Nice to Have
Every part and tool adds size and weight to your pack. For some, though, flight days are few and far between—it may be worthwhile to carry the weight of additional tools to make sure you can get the most out of every opportunity to fly. Your “nice to haves” may make sense to simply pack in the car instead of carrying all the way out the flying site.
- Motor holder: This tool can help you hold a motor bell in place while you use a prop wrench. It’s useful when you can’t get a good grip on the bell or the quad’s design prevents you from doing so easily. Some are adjustable size with silicone bumpers, other are simply 3D-printed wrenches that fit the ridges on top of the motor bell.
- Portable soldering iron: There are now some impressive portable soldering irons such as the TS100. I wouldn’t want to do a lot of field work with it, but soldering is the only solution for some problems. Keep in mind that to use a soldering iron effectively, you may need to carry solder, flux, and a tip cleaner.
- Smoke stopper: Whenever you do any soldering, make sure you use a smoke stopper before you fly. This one from RaceDayQuads is so small and light that there’s no excuse not to carry it if you’re bringing a soldering iron.
- Multimeter: You shouldn’t do very much soldering without a multimeter to check your work. This may be hard to fit into a crowded bag, but is a good candidate for the car.
- Hobby knife and/or scissors: You won’t know exactly why you need it until you need it—but then you’ll wish you had one.
- Wire Strippers: You can strip wire with a knife, or even with your teeth, but a set of wire strippers is always quicker, cleaner, and more accurate.
- Tweezers: For working in the smallest spaces on ultra-tight builds.
- Flathead screwdriver: Our quads don’t often have flat screw heads, but flathead drivers find other uses such as in other equipment or as a pry bar.
- Portable table: This is the largest of all suggestions here. It gives you a work surface that’s more comfortable and much cleaner than the ground. I won’t take one if I’m going for a casual joyride, but on race day I’m usually glad I brought one along and end up using it all day. Definitely skip it if your flying site has tables available!
- Laptop and USB cable: Sometimes your day can be ruined by a simple software misconfiguration. This is a lot of weight to carry around just to cover that possibility, but it’s often the only way to fix it. You can think twice about this one if your flight controller has an OSD since most settings are now available that way—but there are still problems an FC-based OSD can’t fix such as receiver connectivity.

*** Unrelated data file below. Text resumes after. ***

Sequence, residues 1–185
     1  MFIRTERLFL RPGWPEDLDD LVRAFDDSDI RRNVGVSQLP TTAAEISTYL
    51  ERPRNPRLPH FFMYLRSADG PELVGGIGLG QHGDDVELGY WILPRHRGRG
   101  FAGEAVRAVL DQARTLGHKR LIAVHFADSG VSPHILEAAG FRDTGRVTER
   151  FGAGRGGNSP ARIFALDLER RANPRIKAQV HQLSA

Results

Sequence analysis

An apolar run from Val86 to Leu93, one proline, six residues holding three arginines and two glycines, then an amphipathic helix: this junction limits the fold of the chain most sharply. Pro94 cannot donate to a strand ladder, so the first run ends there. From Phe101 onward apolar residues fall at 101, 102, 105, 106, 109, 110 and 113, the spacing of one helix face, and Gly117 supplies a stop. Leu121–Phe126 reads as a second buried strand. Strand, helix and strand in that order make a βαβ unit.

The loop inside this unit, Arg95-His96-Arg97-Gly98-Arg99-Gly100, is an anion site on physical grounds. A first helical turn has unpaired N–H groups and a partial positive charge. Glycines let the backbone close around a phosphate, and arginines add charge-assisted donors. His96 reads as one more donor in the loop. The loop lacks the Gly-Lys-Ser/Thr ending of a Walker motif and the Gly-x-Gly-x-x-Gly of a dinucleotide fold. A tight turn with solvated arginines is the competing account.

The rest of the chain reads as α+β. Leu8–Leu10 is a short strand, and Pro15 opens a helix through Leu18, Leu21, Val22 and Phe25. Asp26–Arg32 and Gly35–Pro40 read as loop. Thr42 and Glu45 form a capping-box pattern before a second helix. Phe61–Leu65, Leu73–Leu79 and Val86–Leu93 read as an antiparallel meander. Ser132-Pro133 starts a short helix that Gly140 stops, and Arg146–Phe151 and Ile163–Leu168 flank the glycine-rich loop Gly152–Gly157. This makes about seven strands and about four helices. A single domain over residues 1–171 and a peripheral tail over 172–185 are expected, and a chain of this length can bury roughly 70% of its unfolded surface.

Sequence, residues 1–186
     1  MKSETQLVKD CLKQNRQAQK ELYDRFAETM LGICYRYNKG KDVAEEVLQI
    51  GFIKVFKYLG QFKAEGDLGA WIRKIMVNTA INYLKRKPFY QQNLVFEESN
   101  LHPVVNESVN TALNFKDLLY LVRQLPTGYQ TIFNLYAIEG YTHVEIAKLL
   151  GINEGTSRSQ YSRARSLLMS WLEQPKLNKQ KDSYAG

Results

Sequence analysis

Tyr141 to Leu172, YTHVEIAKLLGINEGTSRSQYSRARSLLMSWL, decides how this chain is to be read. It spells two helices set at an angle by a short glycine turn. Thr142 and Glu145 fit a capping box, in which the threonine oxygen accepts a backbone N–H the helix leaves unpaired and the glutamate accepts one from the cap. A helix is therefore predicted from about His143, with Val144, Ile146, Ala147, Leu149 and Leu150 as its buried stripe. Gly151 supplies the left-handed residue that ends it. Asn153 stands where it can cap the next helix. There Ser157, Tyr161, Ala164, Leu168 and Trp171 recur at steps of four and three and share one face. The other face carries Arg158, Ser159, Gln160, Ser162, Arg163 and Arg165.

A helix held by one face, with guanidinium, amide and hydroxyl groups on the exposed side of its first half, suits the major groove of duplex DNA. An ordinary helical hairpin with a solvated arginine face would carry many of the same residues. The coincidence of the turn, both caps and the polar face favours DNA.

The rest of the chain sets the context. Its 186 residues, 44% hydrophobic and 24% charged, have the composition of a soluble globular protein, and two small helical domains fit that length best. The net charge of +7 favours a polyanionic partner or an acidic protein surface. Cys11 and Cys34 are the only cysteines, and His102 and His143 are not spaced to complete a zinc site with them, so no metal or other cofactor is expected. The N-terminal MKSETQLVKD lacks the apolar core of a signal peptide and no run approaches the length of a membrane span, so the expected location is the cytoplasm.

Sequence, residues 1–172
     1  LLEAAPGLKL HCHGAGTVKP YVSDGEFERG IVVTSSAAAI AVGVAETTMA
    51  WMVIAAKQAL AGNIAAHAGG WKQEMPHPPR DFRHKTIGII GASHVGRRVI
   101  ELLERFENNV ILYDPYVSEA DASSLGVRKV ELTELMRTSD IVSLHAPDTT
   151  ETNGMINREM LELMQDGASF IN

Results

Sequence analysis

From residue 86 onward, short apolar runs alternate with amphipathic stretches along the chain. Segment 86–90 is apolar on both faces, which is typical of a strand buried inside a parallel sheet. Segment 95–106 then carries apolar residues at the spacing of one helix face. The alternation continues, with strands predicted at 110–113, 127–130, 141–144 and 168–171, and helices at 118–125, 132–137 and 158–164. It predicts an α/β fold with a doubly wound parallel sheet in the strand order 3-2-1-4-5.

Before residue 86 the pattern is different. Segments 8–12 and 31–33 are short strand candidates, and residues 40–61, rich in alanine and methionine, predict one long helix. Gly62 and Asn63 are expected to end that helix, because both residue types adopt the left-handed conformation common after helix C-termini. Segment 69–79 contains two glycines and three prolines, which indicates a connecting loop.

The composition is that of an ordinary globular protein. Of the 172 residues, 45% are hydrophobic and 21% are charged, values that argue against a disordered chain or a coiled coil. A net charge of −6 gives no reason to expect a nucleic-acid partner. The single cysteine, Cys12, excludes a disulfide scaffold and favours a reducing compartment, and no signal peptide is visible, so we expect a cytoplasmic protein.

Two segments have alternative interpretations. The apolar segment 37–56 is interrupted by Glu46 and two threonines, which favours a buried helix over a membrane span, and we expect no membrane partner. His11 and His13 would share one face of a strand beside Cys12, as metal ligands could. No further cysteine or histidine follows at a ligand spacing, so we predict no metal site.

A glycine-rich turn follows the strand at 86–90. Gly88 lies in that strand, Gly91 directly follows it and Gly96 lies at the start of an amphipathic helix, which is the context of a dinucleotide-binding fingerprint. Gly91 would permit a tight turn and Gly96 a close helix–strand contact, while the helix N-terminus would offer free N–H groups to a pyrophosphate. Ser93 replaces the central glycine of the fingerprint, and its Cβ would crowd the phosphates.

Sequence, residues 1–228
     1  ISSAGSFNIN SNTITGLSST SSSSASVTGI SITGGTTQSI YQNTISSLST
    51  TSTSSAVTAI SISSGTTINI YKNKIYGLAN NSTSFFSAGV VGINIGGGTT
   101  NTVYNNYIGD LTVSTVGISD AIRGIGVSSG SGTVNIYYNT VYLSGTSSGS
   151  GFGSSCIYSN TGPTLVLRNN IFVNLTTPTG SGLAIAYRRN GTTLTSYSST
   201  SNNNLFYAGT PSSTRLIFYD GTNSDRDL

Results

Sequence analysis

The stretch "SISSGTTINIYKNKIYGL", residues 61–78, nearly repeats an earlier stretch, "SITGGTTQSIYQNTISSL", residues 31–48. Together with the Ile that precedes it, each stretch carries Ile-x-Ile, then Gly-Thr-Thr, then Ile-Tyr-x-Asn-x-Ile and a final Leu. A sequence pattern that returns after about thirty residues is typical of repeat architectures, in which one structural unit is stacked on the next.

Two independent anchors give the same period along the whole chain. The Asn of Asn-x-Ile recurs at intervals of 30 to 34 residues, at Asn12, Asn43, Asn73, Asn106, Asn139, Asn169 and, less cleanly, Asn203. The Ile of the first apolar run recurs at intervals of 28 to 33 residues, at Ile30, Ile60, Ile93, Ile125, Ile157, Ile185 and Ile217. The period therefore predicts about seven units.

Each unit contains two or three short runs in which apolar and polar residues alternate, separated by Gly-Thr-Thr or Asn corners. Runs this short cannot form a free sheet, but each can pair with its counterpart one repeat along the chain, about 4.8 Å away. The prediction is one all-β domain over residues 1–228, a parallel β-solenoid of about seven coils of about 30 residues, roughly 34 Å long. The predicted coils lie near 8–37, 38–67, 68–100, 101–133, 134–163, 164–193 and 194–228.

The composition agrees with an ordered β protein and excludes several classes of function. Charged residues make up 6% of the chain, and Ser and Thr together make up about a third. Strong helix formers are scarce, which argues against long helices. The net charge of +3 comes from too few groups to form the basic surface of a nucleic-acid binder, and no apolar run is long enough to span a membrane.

- FPV camera joystick: Many cameras still require their settings to be adjusted from an external joystick and this too can be a quick addition to your bag.
- Action camera accessories: If it’s important to you to record your footage, you might need cables that will allow you to configure your camera’s settings or replacements for mounting hardware.
Field repairs often introduce dirt and debris into the parts you’re working on. There’s always pressure to get back in the air while you have good weather, charged batteries, and free time—but you can irreparably damage your equipment by flying after doing a poor soldering job or getting sand in your bearings. Bench tools are designed for extended, heavier-duty use and are nearly always easier and more comfortable to use. When you have a large or difficult repair job, cut your losses, get back to the bench, and use the right tools for the job.
- Soldering station: a field soldering iron is good for a joint or two, but if you have to replace an entire component like a flight controller you’ll want the reliability and control of a bench iron.
- Heat gun: These tend to be pretty bulky, require a lot of power, and can easily make a mess when you have a limited workspace. However, they are deceptively useful at the bench!
- Spare components (camera, VTx, FC, ESCs): If you have to replace a major component, you’re better off waiting until you can do it cleanly and easily.
- Hot glue: This is difficult to use at the field, and the glue is likely to get full of dirt and sand that’s impossible to remove.
- 100-tip interchangeable screwdriver: Good for peace of mind, bad for weight. You’ll only ever use about three of the tips, (but may lose six or seven,) and these drivers have a hard time getting into small spaces.
Find What Works
You may disagree with our recommendations, and that’s fine! Everyone’s needs and equipment are a little different, and even the environment you’re in makes a difference. Some tools make more sense on some trips than others: on a casual day I probably won’t bring anything from the ‘nice to have’ list, but on race day I have less tolerance for things going wrong. Sometimes a good workspace is provided at the flying site, including various tools. In that case, you can leave may of your own tools out but bringing spare components might make sense.
Remember, flying starts at the workbench. Increasing the durability of your quad at home can save you from many repairs and adjustments at the field. It also helps greatly to test your changes thoroughly before heading out. Treat any quad with a significant adjustment as if it’s the first time you’ve flown it.
Every pilot has to decide for themselves whether bringing a tool or part is worth the risk of not having it vs. carrying its weight. We hope our guide will help you quickly find what works best.